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Dating and Shakespeare

"Adorations, fertile tears and sighs of fire..."

Our Co-Founder and Actor-Manager, Sarah Gobran, considers what Shakespeare might make of the current dating-world, from the perspective of Twelfth Night...

I am currently rehearsing Twelfth Night and once again, I am struck by the endlessly modern parallels to our current lives and just how relevant Shakespeare is.

My role is that of Olivia, the rich Countess (well, not so much a parallel here), who has many suitors (ditto to the lack of parallels) but none of them have managed to capture her heart. Then, out of nowhere comes Cesario who is a girl (Viola) dressed as a boy – and Olivia falls instantly in love with her/him. The love is unrequited, and so, it burns ever stronger. What is denied is desired. Rejection is the greatest aphrodisiac (to quote Madonna, not Shakespeare in this instance).

The rules of dating, it would seem have not changed in 400 years, send too many love poems (WhatsApp messages) to someone and they think you’re too keen; playing “hard to get” is not a modern phenomenon.

Equally, if the chemistry is right, you can turn up with a priest on your second date, and your suitor will say “I do”. You can’t fight chemistry (small print: don’t take my actual advice on this one).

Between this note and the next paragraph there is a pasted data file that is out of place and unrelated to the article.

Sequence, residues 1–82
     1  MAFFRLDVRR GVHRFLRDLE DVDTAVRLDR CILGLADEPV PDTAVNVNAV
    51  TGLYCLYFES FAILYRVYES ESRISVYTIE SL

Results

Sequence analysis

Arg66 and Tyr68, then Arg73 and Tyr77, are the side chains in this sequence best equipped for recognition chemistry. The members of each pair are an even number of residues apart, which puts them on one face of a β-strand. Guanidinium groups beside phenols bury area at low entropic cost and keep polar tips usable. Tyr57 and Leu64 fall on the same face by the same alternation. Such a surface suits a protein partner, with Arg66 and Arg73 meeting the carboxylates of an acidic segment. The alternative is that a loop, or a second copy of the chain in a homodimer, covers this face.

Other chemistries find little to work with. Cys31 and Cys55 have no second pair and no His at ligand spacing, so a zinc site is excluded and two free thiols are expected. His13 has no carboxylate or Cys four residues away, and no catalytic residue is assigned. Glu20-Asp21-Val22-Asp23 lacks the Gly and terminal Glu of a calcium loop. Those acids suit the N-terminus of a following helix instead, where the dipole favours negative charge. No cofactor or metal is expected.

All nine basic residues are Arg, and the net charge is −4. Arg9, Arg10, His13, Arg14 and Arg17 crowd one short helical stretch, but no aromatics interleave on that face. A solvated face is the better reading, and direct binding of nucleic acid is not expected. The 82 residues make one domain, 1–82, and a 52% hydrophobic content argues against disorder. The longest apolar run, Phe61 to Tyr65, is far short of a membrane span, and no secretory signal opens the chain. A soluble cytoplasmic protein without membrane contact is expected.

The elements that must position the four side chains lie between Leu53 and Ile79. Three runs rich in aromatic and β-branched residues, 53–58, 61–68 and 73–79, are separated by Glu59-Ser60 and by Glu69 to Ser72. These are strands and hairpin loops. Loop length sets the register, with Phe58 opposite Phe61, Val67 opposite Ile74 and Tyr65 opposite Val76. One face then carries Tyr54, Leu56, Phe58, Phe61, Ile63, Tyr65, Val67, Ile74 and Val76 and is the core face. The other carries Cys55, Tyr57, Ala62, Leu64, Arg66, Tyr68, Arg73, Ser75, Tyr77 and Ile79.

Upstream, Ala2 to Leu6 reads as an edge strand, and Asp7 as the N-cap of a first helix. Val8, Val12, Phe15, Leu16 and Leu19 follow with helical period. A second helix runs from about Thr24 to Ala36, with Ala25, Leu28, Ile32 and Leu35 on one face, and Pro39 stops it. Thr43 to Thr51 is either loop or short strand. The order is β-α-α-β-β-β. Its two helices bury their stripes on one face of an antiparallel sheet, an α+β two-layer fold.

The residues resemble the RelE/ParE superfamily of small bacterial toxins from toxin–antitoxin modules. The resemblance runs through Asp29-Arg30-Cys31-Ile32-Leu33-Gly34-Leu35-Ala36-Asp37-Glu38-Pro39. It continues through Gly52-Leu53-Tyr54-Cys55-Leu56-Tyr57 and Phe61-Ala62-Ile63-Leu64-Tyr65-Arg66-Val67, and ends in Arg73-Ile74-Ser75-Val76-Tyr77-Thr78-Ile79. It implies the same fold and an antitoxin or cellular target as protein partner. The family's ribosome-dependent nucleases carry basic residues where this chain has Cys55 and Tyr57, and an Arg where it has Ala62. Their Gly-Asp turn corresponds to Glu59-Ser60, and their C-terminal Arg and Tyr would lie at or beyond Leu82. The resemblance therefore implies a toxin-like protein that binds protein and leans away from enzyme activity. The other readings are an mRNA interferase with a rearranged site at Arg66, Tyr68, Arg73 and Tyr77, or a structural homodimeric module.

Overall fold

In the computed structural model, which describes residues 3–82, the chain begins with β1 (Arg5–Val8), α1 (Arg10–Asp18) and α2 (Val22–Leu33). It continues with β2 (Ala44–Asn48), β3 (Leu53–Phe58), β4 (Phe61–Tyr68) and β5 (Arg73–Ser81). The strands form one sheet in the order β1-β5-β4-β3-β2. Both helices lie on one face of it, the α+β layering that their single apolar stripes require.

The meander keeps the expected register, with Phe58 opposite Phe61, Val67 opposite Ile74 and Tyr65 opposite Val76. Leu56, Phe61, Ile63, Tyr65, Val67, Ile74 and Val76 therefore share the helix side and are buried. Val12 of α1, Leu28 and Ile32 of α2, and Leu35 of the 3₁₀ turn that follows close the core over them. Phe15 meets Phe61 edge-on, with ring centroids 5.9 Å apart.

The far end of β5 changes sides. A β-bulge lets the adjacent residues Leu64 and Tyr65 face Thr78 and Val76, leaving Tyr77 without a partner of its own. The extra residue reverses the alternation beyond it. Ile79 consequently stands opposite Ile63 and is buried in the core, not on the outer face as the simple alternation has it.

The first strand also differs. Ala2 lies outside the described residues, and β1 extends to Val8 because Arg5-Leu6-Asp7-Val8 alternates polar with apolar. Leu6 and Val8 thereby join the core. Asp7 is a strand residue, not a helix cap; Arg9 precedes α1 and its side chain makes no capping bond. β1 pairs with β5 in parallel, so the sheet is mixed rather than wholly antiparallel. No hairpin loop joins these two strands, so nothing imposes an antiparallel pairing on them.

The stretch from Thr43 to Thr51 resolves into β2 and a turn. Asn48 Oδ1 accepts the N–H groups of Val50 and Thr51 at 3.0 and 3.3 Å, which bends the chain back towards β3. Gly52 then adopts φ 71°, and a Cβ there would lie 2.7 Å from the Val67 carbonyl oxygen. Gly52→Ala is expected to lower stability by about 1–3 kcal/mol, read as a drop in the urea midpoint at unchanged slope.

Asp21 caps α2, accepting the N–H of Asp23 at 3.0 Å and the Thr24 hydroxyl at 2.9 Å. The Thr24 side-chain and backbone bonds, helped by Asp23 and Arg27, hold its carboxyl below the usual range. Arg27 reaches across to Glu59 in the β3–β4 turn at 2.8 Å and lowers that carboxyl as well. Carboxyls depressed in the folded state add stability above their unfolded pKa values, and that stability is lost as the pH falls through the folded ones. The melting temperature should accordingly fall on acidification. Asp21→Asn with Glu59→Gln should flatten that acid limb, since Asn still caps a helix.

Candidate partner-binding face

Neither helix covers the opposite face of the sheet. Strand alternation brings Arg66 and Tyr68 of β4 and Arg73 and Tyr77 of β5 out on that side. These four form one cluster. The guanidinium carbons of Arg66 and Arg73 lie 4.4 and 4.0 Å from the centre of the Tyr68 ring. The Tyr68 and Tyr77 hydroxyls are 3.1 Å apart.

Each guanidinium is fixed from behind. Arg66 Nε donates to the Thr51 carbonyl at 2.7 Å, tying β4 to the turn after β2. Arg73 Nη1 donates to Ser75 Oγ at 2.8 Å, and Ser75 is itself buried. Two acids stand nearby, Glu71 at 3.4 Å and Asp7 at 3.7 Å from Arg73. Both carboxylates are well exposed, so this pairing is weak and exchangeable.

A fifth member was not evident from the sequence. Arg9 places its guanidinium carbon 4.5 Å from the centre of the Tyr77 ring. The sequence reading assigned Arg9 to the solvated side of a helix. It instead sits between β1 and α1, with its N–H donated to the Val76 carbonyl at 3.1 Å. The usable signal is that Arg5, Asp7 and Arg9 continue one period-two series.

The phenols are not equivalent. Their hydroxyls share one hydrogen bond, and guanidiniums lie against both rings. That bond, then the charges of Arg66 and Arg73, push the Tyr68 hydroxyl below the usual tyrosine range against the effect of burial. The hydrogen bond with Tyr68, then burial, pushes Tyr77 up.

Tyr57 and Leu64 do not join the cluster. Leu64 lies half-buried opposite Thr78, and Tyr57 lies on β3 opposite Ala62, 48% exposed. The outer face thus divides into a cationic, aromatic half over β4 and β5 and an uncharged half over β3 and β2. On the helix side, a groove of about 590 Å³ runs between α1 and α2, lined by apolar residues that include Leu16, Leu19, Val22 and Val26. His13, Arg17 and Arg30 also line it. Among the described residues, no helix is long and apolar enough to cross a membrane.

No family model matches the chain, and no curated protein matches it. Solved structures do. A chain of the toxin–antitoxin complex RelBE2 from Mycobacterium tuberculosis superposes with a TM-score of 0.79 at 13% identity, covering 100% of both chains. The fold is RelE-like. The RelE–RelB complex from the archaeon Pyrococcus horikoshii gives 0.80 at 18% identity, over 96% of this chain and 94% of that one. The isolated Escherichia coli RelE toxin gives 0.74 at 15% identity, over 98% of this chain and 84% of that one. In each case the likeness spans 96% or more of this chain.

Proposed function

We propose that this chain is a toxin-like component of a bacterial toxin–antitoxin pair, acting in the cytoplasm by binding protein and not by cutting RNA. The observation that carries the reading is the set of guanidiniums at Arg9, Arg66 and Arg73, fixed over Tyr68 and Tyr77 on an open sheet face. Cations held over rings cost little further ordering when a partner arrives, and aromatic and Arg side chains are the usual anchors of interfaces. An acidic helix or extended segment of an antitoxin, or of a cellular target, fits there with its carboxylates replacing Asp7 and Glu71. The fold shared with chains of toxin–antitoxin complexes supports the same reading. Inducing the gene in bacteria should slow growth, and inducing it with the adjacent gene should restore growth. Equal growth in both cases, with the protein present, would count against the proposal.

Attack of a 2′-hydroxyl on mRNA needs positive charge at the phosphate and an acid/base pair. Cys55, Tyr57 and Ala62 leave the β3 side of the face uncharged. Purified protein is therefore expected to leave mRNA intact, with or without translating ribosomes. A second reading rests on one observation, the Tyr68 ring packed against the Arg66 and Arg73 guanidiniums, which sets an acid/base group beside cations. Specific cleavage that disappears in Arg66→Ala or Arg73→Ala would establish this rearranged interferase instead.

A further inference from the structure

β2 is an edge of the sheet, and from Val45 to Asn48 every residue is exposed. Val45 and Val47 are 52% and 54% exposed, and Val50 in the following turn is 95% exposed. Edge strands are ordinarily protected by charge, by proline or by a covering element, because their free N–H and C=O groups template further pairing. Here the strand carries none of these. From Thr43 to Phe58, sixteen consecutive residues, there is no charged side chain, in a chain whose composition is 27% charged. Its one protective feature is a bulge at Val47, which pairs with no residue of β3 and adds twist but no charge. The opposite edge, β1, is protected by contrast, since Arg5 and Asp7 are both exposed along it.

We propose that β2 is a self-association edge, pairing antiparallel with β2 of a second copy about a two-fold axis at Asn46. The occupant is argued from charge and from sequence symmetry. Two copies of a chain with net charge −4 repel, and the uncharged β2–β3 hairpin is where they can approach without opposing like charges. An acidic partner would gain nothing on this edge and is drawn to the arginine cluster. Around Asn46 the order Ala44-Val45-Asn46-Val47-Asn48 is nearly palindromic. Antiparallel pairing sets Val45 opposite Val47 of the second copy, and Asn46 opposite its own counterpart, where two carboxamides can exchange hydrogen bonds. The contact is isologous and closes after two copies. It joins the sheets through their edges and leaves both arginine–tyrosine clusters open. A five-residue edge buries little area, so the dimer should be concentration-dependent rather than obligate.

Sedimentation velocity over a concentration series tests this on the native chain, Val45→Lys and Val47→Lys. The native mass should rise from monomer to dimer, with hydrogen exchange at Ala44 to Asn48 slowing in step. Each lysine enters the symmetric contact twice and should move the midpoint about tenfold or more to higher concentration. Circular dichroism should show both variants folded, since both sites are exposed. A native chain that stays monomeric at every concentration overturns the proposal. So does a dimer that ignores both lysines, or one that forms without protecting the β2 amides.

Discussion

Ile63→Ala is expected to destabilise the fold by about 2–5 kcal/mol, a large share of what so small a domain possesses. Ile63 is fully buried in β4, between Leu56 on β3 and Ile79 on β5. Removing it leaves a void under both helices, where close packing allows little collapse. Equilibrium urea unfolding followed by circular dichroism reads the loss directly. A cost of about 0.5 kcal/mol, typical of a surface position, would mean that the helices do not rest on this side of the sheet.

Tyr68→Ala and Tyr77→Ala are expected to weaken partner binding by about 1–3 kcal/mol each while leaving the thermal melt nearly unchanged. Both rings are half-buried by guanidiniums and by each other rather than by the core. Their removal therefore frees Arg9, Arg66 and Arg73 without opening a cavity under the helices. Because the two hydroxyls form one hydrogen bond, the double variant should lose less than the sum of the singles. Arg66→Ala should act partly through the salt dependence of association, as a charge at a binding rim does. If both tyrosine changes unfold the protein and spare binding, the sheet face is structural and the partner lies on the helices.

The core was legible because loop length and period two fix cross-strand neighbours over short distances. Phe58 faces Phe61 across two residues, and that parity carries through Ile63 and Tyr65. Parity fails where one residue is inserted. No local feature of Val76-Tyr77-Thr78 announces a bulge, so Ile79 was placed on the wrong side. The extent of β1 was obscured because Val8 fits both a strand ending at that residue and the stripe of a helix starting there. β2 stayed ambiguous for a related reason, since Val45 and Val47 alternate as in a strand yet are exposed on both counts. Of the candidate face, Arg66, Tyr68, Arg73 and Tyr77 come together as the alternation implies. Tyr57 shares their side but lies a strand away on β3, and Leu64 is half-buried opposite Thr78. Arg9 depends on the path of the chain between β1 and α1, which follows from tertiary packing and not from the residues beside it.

This got me thinking… what is it about the eternal quest for love that captures our imaginations in terms of stories? From Romeo and Juliet to My Best Friend’s Wedding, we cheerlead the finding of love, the connecting of soul mates, the hard-won fight that sees our lovers running off into the sunset together (well not so much for R&J, but you know what I mean).

At the end of Twelfth Night, our heroes and heroines find the love they have been seeking, which despite the hilarious, and sometimes heart-breaking, bumps along the way, we cheer for their resolution. We feel complete when they are completed by another.

And isn’t that just the way we feel about real life? People feel happy for their single friends when they meet someone. Being in a relationship seems ever important, and yet despite the resources available to us, the same obstacles lie in the way as they did 400 years ago.

My personal on-line dating experiences have (virtually) introduced me to people who would rather post pictures of lampshades, Oreo packets, cars, rain-stained windows and even George Clooney rather than pictures of themselves; whilst others use phrases like “you’re buying drinks ‘til you look like your photo” – a tough ask for those whose pictures are Oreo packets, I should imagine -  and the ever hilarious “looking to leave the singles market before the UK does”. As I rehearse Twelfth Night, I wonder what Shakespeare would make of this.

I have no doubt that he would have made a fantastic comedy of mistaken identity, unrequited and/or obsessive love based on these dating apps. With or without them, the premise still stands. Love is hard to come by and oftentimes painful.

Is there such a thing as “The One” and will fate push us along to find them? Will it be marital bliss when that happens or would some of his characters end up searching for “The Second One” and “The Third One” and so on?

“I do I know not what, and fear to find

Mine eye too great a flatterer for my mind.

Fate, show thy force. Ourselves we do not owe.

What is decreed must be; and be this so.”

Olivia, Twelfth Night

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